Total RNA was extracted using mirVana miRNA isolation kit according to the manufacturer’s instructions (Ambion, Austin, TX, USA). Total RNA was reverse transcribed with the high capacity cDNA reverse transcription kit (Applied Biosystems, Branchburg, NJ, USA). Real-time polymerase chain reaction was performed according to the Taqman method, using the TaqMan Universal PCR Master Mix (Applied Biosystems, Carlsbad, CA, USA) with the StepOnePlus Real-time PCR System (Applied Biosystems). Relative expression levels of each target gene were calculated according to the delta-delta-CT method. Probes used for amplification were Hs00203343_m1 for Ubiad1, Hs00153120_m1 for Cyp1a1 and Hs99999901_s1 for 18s mRNA.

2.10. Western Blot Analysis

Keratinocytes were lysed in RIPA buffer (Thermo Scientific, Rockford, IL, USA), containing protease inhibitor cocktail and EDTA (Thermo Scientific). The protein concentration was determined using the BCA Protein Assay Kit (Thermo Scientific) and equal amounts of total protein were loaded on a 4–12% NuPAGE Bis-Tris Gel (Invitrogen) and transferred onto a nitrocellulose membranes using the iBlot dry blotting system (Invitrogen). Non-specific binding sites were blocked in 5% milk solution, and membranes were then labelled with appropriate antibodies and developed using the SuperSignal West Femto Maximum Sensitivity Substrate kit (Thermo Scientific).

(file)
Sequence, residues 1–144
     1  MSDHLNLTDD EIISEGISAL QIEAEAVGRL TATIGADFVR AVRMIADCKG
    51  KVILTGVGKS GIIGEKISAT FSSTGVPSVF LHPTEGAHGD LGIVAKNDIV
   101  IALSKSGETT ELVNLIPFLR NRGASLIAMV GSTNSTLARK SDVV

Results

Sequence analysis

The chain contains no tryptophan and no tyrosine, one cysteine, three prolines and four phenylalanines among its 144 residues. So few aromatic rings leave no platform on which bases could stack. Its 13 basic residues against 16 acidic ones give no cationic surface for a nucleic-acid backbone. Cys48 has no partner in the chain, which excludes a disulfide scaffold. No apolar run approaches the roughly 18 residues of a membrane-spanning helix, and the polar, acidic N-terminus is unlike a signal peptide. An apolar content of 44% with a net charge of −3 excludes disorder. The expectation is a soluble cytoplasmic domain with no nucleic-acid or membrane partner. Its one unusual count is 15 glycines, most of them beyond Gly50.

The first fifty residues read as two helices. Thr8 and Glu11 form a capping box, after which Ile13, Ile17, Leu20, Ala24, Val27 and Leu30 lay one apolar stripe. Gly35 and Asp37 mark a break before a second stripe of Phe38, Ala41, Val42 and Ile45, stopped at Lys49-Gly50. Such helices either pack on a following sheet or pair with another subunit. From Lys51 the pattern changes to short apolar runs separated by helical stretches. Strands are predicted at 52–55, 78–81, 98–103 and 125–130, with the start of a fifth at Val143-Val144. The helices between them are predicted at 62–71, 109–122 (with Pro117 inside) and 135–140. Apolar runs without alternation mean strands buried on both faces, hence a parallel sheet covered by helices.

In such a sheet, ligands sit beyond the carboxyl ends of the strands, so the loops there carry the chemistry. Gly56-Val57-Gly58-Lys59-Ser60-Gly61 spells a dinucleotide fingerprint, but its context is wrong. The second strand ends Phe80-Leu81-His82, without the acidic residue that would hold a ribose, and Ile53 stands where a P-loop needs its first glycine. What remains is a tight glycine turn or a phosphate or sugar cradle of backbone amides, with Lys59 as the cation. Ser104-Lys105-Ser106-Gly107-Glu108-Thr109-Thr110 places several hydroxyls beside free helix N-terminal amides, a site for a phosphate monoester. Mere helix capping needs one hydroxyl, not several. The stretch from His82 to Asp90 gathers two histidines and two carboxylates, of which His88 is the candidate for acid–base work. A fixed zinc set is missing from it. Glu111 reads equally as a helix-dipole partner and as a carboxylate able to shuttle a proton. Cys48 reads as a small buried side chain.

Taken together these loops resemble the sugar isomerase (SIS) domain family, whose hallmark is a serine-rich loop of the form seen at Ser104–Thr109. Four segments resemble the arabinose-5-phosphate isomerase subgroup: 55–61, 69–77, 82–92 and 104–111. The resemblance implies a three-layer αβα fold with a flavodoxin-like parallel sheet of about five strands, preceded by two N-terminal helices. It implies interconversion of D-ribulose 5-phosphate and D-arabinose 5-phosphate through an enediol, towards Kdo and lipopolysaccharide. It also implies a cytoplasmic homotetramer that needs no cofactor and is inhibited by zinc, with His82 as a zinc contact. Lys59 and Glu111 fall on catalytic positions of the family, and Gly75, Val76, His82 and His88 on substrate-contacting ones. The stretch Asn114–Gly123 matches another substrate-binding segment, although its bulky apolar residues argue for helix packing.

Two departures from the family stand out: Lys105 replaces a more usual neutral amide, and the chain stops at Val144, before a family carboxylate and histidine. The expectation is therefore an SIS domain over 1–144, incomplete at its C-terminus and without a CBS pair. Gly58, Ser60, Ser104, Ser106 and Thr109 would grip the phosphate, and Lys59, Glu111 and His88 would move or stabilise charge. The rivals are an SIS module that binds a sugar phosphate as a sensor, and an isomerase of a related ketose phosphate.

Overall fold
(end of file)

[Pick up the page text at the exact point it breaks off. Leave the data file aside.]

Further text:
2.11. Immunofluorescence

Methanol-fixed cells were permeabilized in 0.1% Triton X-100, blocked in 1% BSA solution. Cells were incubated with primary antibodies diluted in phosphate-buffered saline, followed by incubation with secondary antibodies coupled to Alexa Fluor (Invitrogen). Image acquisition was performed using an Axiovert 200M microscope (Carl Zeiss, Oberkochen, Germany). Photos were captured with an EXI blue camera (Qimaging, Surrey, BC, Canada) coupled to Volocity acquisition software (Perkin Elmer, Waltham, MA, USA). Colocalization of Ubiad1 and Giantin was performed with a statistical approach [19], thus removing the bias of visual interpretation. Pearson correlation coefficient was used as a statistical parameter to quantify the degree of colocalization.

2.12. Immunohistological Fluorescence

Human skin samples were obtained from plastic surgery of healthy females who had given written informed consent (Biopredic International, Saint-Grégoire, France). After removal of subcutaneous fat, tissue was used to obtain 6 mm punch biopsies were taken, fixed in formaldehyde and processed in an automated Shandon Hypercenter XP (Shandon) for paraffin embedding. Sections of 4 μm thickness were cut with a microtome (Shandon) and collected on poly-lysine coated glass slides (Menzel Gläser, Braunschweig, Germany) for immunostaining. Heat and pepsin enzymatic antigen retrieval were performed before incubation with Ubiad1 antibody.